I. Colonization, as a remedy for slavery, is inappropriate and wrong, because:

1. It presents a physical instead of a moral remedy for a moral evil. You may separate men without making them better, but make them better, and they will need no separation. ‘We should take men as they are’— not separate the black and the white ocean-wide before we try upon them the motives of the gospel.

2. It admits of only a gradual abolition of slavery.

3. It, of course, proceeds upon the assumption that we may forsake sin by degrees.

4. It makes slaveholding profitable— adds a powerful motive to perpetuate it— and thus counteracts itself.

5. It sanctifies prejudice.

II. The American Colonization Society, as a remedy for American Slavery, is fundamentally wrong,  because:

1. It admits the doctrine of tyrants and men stealers, that man can have property in man.  See Psalm 50: 18.

2. It removes the free black, the natural friend of the slave. ‘The only mirror from which liberty can be reflected into the bosom of the slave.’

3. It disparages and insults the whole body of free blacks.

4. It seeks to remove a useful class of laborers. Could it succeed, it would leave the whole South a desert.

5. It removes them to a comparatively insalubrious climate.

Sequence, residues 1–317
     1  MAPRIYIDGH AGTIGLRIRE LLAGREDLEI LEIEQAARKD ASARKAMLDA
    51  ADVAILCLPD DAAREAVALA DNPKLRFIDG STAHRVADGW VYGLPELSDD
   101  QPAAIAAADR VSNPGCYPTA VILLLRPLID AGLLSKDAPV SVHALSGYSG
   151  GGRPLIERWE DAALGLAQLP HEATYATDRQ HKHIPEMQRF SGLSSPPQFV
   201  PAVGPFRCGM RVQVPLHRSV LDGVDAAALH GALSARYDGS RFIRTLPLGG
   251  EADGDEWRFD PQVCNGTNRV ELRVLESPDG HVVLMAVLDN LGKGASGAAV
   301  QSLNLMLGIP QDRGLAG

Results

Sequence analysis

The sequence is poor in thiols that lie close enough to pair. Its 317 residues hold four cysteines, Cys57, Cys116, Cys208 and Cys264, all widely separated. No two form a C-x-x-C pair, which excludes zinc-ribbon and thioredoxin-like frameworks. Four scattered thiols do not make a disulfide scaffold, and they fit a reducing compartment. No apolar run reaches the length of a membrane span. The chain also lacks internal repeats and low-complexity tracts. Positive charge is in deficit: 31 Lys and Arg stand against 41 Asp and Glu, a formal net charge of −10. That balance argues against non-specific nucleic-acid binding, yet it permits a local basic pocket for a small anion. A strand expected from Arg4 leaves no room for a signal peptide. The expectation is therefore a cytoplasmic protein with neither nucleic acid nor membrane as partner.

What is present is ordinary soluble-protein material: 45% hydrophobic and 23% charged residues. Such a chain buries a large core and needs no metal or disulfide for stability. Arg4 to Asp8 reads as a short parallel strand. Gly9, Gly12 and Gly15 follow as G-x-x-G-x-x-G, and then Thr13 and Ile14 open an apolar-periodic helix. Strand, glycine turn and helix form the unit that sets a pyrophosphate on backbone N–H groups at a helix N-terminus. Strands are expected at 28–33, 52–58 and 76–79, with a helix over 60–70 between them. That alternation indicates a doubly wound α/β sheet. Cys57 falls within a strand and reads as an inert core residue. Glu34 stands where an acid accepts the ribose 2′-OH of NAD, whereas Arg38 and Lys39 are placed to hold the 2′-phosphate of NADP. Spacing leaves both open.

6. The Colonization of any considerable portion of our black population to Africa will work mischief to its aborigines— History being the judge.

7. Inasmuch as the slaves are held, not merely by the lust of money, but by the lust of power and the lust of pleasure,— there are but two motives in the universe that can effect their complete emancipation, viz. compunction of conscience and fear; but the society watches, mute, about the bed of conscience, and it quells fear, by opening a safety ‘drain;’ therefore it rivets the chain of the slave.

8. It dishonors the Gospel, in despairing of its power over prejudice.  See Rom. 1: 16, and II Cor. 10: 4, 5.

The advocates of the society must do something more than to show the success of the little colony at Liberia. We do not object to the colony, but to its being magnified into the remedy or any part of the remedy for slavery— to its absorbing the whole philanthropy of the land, which ought to be concentrated on the point of total abolition.

I would invite all those who love truth, and especially those ministers of the gospel who take up collections for the Colonization Society, to examine the position of the abolitionists, and if they see cause, to attack it manfully. But I would advise them by all means before they commit themselves in the war, to read at least a dozen numbers of the Liberator and Mr. Garrison’s ‘Thoughts on African Colonization.’